Saturday, January 17, 2015

Will AT&T Use Mexico Wholesale Mobile Network?

Mexican regulators have approved AT&T’s Iusacell acquisition, which now sets up an interesting issue: how does AT&T expand geographic coverage nationwide, especially for the new Long Term Evolution network AT&T believes represents a major opportunity? 

To be sure, Iusacell now reaches about 70 percent of Mexico’s potential mobile consumers and has perhaps eight percent to nine percent market share. But those networks use CDMA or GSM 3G air interfaces. The LTE network remains to be built. Nor is the spectrum to support the new network readily available.

“Expanding and enhancing Iusacell’s mobile network to cover millions of additional consumers and businesses is our top priority,” according to Randall Stephenson, AT&T chairman and CEO.

Consistent with AT&T thinking about the market opportunity Long Term Evolution adoption represents. Smartphone penetration in Mexico is about half that of the United States.

“AT&T sees a significant opportunity to increase smartphone adoption and mobile Internet usage in Mexico,” AT&T said. How AT&T will do so, and when, is not yet clear.

In the immediate future, it is more likely AT&T will create new cross-border calling services, as that will leverage existing customers--fixed and mobile--on both sides of the border.

China Telecom, for example, is creating a consortium to win a contract to build a national wholesale mobile network in Mexico. Others bidders are expected to emerge as well.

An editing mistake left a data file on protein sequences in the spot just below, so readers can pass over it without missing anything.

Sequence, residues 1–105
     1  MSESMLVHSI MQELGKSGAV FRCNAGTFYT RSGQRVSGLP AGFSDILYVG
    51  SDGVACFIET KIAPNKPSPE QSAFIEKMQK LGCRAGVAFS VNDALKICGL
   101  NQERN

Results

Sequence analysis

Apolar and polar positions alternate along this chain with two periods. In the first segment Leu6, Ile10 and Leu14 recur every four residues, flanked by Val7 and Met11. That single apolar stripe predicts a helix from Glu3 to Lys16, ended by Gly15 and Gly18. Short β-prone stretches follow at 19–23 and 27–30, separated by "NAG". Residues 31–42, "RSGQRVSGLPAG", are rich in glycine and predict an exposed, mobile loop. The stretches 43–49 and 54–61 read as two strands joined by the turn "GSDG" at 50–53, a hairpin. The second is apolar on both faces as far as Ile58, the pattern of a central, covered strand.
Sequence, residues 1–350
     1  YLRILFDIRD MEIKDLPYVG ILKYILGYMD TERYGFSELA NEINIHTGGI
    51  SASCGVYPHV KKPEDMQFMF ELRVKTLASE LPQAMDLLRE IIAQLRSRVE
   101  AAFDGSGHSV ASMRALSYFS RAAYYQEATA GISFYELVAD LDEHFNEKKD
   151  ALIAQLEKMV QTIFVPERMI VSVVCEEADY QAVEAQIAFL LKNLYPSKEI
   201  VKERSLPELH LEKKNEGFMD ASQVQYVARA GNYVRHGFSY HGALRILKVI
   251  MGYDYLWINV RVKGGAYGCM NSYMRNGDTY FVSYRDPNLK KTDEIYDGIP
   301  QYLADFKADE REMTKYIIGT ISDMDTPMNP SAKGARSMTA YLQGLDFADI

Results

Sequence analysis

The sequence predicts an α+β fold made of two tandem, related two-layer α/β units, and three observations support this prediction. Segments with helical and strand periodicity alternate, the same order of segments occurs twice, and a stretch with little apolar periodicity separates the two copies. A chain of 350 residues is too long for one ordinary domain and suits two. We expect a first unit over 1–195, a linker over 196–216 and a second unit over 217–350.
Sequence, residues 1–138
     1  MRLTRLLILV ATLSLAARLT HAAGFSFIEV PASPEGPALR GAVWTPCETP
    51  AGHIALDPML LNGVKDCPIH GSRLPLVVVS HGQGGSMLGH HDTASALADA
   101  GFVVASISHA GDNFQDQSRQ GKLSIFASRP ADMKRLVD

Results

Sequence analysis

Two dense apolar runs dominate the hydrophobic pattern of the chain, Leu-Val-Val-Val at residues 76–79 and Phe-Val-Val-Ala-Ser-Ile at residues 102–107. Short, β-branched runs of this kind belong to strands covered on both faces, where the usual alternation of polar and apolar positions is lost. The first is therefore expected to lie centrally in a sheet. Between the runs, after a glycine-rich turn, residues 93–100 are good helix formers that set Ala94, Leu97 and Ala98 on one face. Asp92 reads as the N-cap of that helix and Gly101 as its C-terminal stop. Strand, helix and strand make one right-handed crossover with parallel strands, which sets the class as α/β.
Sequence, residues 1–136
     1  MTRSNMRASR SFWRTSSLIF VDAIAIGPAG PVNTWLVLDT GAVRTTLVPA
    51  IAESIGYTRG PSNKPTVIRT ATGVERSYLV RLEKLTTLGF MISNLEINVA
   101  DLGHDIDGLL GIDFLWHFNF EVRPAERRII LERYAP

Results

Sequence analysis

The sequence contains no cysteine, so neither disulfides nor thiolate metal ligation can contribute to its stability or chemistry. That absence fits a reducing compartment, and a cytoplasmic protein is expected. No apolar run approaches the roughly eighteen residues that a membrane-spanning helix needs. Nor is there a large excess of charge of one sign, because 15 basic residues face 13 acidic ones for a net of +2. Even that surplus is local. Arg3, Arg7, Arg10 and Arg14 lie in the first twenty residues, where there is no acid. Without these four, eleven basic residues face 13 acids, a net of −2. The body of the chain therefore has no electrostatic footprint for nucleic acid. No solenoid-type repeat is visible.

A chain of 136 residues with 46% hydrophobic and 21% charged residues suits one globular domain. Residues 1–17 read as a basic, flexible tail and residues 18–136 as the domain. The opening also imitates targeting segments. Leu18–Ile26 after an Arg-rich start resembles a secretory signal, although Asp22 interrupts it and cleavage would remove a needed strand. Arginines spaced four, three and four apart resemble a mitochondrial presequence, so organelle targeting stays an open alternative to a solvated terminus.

Whether AT&T would use such a network is one question. Whether it would use a network built by China Telecom that also uses Huawei gear is another question.

But the new network, which must be built, according to the Mexican constitution, might be valuable for mobile virtual network operators as well as mobile operators with at least some owned facilities, as the network would create a seamless national infrastructure, presumably also offering Long Term Evolution services, as soon as 2018.

Presumably, the wholesale network would allow contestants to use spectrum without specifically acquiring spectrum of their own. But sourcing fron the wholesale network also means each contestant would have the same features, coverage and quality as all others on the wholesale network.

That might leave retail price as the key variable, within some clear limits, unless contestants were able to bundle with other products and services.

So a reasonable person might argue AT&T will not want to rely on the wholesale network, burt rather build its own facilities.

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